1932 Civil rights leader, politician, and diplomat Andrew Young was born in New Orleans, La. Upon graduating from Howard University and becoming a minister, Young was drawn into the civil rights movement. He was an active participant with the Southern Christian Leadership Conference in leading voter registration drives, and worked closely with most of the other civil rights leaders, such as Ralph Abernathy, Jesse Jackson, and Martin Luther King, Jr.
Young was with King in Memphis when King was assassinated (and is one of the persons in the famous photograph pointing to where the shot came from). Young was elected to the U.S House of Representatives from Georgia in 1972, and was subsequently reelected twice. In 1977, Pres. Jimmy Carter appointed Young as U.S. ambassador to the United Nations. He served with the U.N until 1979.
In 1981 Young was elected mayor of Atlanta for the first of two consecutive terms - lasting through 1989.
Young was influential in the drive that won for Atlanta the honor of hosting the 1996 Summer Olympic Games.
1956 Former Atlanta Braves great Dale Murphy was born in Portland, Oregon.
1981 Timothy Hill disappeared
in Atlanta; later in the month his strangled body was discovered in the Chattahoochee
River. He was the latest victim in the Atlanta Child Murders case.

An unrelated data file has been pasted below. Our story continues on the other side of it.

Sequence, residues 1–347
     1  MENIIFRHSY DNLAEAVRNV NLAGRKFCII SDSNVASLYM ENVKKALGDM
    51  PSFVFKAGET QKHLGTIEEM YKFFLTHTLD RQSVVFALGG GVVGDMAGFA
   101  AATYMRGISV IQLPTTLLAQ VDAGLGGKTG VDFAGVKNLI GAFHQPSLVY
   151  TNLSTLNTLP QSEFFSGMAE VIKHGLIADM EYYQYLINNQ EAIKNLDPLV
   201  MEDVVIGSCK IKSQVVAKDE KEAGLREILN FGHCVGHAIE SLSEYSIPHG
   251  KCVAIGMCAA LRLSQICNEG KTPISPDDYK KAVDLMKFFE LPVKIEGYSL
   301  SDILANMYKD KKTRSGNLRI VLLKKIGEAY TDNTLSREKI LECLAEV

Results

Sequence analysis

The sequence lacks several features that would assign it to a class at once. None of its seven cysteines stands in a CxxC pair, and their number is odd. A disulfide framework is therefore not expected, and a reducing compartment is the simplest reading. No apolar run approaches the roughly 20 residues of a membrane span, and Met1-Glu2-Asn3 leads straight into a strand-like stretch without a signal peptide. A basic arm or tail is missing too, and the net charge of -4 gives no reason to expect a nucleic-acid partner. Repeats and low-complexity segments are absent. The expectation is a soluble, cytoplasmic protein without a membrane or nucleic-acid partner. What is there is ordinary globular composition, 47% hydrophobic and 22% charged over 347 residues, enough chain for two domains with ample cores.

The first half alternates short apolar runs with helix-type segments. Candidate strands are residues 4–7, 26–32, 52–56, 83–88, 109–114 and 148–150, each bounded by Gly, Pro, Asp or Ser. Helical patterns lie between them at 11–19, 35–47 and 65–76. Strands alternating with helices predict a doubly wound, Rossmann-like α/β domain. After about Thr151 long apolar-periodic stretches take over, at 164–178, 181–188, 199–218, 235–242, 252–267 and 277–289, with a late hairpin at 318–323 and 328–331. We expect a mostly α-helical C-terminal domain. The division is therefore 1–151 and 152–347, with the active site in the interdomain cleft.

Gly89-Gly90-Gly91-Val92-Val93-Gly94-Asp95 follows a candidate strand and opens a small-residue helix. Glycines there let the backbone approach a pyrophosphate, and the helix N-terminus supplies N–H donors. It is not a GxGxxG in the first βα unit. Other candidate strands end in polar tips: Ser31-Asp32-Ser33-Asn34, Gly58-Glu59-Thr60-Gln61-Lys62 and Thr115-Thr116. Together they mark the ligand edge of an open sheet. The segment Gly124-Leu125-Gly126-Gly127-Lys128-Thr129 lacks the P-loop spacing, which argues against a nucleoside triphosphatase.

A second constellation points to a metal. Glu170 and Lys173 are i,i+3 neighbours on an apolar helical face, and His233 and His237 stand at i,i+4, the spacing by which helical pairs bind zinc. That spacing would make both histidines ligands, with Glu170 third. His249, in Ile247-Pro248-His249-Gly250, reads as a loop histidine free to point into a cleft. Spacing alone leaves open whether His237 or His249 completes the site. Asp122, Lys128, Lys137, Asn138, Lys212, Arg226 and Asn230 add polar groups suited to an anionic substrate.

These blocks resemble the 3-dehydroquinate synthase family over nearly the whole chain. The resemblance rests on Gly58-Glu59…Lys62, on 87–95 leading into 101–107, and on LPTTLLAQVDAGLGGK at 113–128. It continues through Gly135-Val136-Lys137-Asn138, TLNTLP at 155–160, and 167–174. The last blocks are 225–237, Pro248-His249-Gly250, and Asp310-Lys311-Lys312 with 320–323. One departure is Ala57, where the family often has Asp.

1990 Georgia-born Clarence Thomas took the oath of office for the District of Columbia Circuit of the U.S. Court of Appeals.
1993 A surprise winter storm -- called by some the "storm of the century" -- struck middle Georgia. The storm produced blizzard conditions and gale force winds, forcing airports to close throughout the eastern U.S.
1996 Two Georgia swimmers
qualified for the 1996 U.S. Summer Olympic team -- Angel Martino, from Americus,
in the 50-meter freestyle, and Carlton Bruner, of Dunwoody, in the 1500-meter
In Their Own Words on This Day. . .
1733 Six weeks after arriving in Georgia, James Oglethorpe wrote the Trustees that the Yamacraw Indians had concluded a peace treaty with him giving English colonists rights to settle at Yamacraw Bluff and other lands not reserved to the Indians. Oglethorpe further noted that he had drawn on the Trustees account for £400, and that he personally had paid the remainder. Thus began his practice of using personal funds to support the colony when sufficient Trustees funds weren't available. Ultimately, Oglethorpe would mortgage his entire estate back in Surrey on behalf of Georgia:
Source: Mills Lane (ed.), General Oglethorpe's Georgia: Colonial Letters, 1733-1743 (Savannah: Beehive Press, 1990), Vol. I, pp. 7-8.
1733 Another letter written on was from Savannah was by Thomas Causton. Writing to his wife in England, Causton described the status of Savannah:
Source: Mills Lane (ed.), General Oglethorpe's Georgia: Colonial Letters, 1733-1743 (Savannah: Beehive Press, 1990), Vol. I, pp. 10-11.
1734 After spending much of the previous day stranded on a sand bar, Baron von Reck recorded the landing of the Salzburger emigrants in Georgia, and his first impressions of Savannah:
Source: [no author or editor cited]: Our First Visit in America: Early Reports from the Colony of Georgia, 1732-1740 (Savannah: Beehive Press, 1974), pp. 46-47.
1772 Writing to royal governor James Wright (then in London) Savannah merchant Joseph Habersham wrote of the growing popularity in the assembly of those opposed to British policies. Habersham himself had not yet joined the revolutionary bandwagon:
Source: Collections of the Georgia Historical Society, Vol. VI, The Letters of the Hon. James Habersham, 1756-1775 (Savannah: Georgia Historical Society, 1904), pp. 168-169.